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. Viruses are hidden drivers of ocean's nutrient cycle

A deep sea bacterium (prokaryote). "In the deep ocean, there is a strong interaction between viruses and prokaryotes, which helps sustain the deep-sea ecosystems independently of the nutrient inputs coming from the surface waters. It's a sort of self-sustaining mechanism, helping the ocean depths to overcome severe nutrient limitations." The virus work has "huge implications" for understanding the ocean carbon cycle, Roberto Danovaro said. It not only helps to sustain life at great depths, he said. Beyond 1,000 metres (3,250 feet) or so, prokaryotes account for 90 percent of the total biomass. (Photo: Foto: Karl Johaentges)
by Staff Writers
Paris (AFP) Aug 27, 2008
Scientists on Wednesday said they had discovered deep-sea viruses to be an unexpectedly potent driver of the so-called carbon cycle that sustains oceanic life and helps dampen global warming.

Under the carbon cycle, microscopic algae at the sea surface suck up carbon dioxide from the atmosphere.

Many of these microscopic creatures, called prokaryotes, become infected by naturally-occurring marine viruses.

When they die, their carbon-rich remains gently sink to lower depths, where they are then cannibalistically gobbled up by other bacteria.

These prokaryotes in turn become a meal for a larger life form and so on, up the food chain.

Researchers long ago grasped that viruses on the sea surface play a Dr.-Jekyll-and-Mr.-Hyde role, killing biomass while at the same time sustaining it.

Now, though, evidence has emerged that these tiny bacterial pathogens also carry out unsung work at the ocean depths -- a dark, inhospitable, nutrient-poor place that counts as last great unexplored ecosystem on the planet.

Marine scientists led by Roberto Danovaro of Italy's Polytechnic University of Marche in Ancona sifted through samples of sediment hauled up from scores of sites from around the world, at depths ranging from 183 metres (595 feet) to a bone-crushing 4,603 metres (14,959 feet).

Team member Antonio Dell'Anno said the virus count was astonishingly high.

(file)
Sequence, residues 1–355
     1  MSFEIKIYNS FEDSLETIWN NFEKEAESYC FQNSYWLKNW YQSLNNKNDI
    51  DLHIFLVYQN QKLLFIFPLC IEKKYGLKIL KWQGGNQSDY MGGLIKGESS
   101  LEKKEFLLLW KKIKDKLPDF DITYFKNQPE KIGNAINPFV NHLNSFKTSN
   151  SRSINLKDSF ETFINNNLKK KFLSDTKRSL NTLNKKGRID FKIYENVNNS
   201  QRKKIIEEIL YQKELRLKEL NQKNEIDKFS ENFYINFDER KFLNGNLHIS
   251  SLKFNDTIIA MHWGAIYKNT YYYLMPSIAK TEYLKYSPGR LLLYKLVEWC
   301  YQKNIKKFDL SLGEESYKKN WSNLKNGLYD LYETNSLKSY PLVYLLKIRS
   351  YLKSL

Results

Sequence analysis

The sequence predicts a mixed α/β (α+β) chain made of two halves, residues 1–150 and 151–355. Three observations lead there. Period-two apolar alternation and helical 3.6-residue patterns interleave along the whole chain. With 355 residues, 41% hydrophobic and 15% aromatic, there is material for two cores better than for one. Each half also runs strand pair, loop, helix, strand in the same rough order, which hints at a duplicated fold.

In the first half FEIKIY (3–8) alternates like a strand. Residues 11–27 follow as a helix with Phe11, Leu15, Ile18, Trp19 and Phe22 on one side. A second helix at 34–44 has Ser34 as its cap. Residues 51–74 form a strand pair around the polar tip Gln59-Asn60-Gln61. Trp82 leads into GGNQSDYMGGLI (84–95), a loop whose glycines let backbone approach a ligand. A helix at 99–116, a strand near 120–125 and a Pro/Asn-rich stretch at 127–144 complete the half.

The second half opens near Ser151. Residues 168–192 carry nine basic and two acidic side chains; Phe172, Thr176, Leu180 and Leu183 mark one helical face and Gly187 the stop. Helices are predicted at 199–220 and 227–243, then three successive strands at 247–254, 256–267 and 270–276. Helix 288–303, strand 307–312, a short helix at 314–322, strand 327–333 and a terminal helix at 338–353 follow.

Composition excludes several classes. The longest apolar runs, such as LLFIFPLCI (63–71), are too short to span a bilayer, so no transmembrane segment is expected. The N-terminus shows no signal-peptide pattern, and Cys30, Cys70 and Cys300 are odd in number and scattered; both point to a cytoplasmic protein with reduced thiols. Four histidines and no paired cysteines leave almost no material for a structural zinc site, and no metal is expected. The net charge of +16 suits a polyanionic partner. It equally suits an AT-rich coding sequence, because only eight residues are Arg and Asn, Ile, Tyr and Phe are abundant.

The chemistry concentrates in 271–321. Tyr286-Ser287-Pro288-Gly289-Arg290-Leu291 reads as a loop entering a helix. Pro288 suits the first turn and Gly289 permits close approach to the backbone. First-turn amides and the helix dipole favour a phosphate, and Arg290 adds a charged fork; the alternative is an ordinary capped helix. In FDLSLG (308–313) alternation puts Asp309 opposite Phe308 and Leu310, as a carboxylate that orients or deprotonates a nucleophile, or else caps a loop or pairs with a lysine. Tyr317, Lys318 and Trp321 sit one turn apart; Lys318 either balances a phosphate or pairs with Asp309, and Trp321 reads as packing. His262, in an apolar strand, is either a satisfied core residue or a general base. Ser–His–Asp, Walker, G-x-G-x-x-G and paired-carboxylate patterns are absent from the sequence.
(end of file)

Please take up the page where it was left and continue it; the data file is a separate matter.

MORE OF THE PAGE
"We found surprising results," he told AFP in an interview.

"In the deep ocean, there is a strong interaction between viruses and prokaryotes, which helps sustain the deep-sea ecosystems independently of the nutrient inputs coming from the surface waters.

"It's a sort of self-sustaining mechanism, helping the ocean depths to overcome severe nutrient limitations."

The virus work has "huge implications" for understanding the ocean carbon cycle, he said.

It not only helps to sustain life at great depths, he said.

Beyond 1,000 metres (3,250 feet) or so, prokaryotes account for 90 percent of the total biomass.

Humans are among the indirect beneficiaries of the process, because the abyssal nutrients help sustain the seafood that ends up on our plates.

Another big question is what role viruses may play in the complex arithmetic of global warming.

The sea absorbs billions of tonnes of atmospheric CO2 each year, thus acting as a cushion for man-made emissions of heat-trapping greenhouse gases. The carbon detritus from prokaryotes killed by viruses on the ocean floor is mostly respired thus not effectively stored there forever.

Viruses are by far the most abundant "life form" in the oceans, according to the study, which appears in Thursday's issue of Nature, the London-based science weekly.

They number roughly 4 X 10 to the power of 30 -- a four following by 30 zeroes.

Globally, as much as 630 million tonnes of carbon are taken up each year by "viral shunt," when the remains of one microscopic organism, which has been killed by a virus, are later snapped up by another one.

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International Beach Preservation Trust Locates At WCU
Cullowhee NC (SPX) Aug 27, 2008
Western Carolina University is the new home to the offices of the Santa Aguila Charitable Trust, an international organization devoted to the protection and preservation of beaches around the world, and recent WCU graduate Adam Griffith has been hired as director of the trust's Beachcare program.

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